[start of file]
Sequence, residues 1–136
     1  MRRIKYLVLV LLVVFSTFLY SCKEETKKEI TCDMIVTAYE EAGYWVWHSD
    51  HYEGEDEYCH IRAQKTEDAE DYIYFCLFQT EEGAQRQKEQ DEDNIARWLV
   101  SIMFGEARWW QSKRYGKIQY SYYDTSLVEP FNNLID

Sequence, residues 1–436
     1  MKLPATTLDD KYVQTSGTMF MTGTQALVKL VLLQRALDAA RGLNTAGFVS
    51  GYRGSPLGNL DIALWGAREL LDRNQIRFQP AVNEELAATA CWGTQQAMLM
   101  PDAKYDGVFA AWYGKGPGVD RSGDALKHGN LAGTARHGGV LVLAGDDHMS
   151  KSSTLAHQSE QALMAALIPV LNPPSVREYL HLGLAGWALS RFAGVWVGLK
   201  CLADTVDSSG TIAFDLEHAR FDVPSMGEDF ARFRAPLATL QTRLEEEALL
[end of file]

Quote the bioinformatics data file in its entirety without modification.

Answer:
Sequence, residues 1–136
     1  MRRIKYLVLV LLVVFSTFLY SCKEETKKEI TCDMIVTAYE EAGYWVWHSD
    51  HYEGEDEYCH IRAQKTEDAE DYIYFCLFQT EEGAQRQKEQ DEDNIARWLV
   101  SIMFGEARWW QSKRYGKIQY SYYDTSLVEP FNNLID

Sequence, residues 1–436
     1  MKLPATTLDD KYVQTSGTMF MTGTQALVKL VLLQRALDAA RGLNTAGFVS
    51  GYRGSPLGNL DIALWGAREL LDRNQIRFQP AVNEELAATA CWGTQQAMLM
   101  PDAKYDGVFA AWYGKGPGVD RSGDALKHGN LAGTARHGGV LVLAGDDHMS
   151  KSSTLAHQSE QALMAALIPV LNPPSVREYL HLGLAGWALS RFAGVWVGLK
   201  CLADTVDSSG TIAFDLEHAR FDVPSMGEDF ARFRAPLATL QTRLEEEALL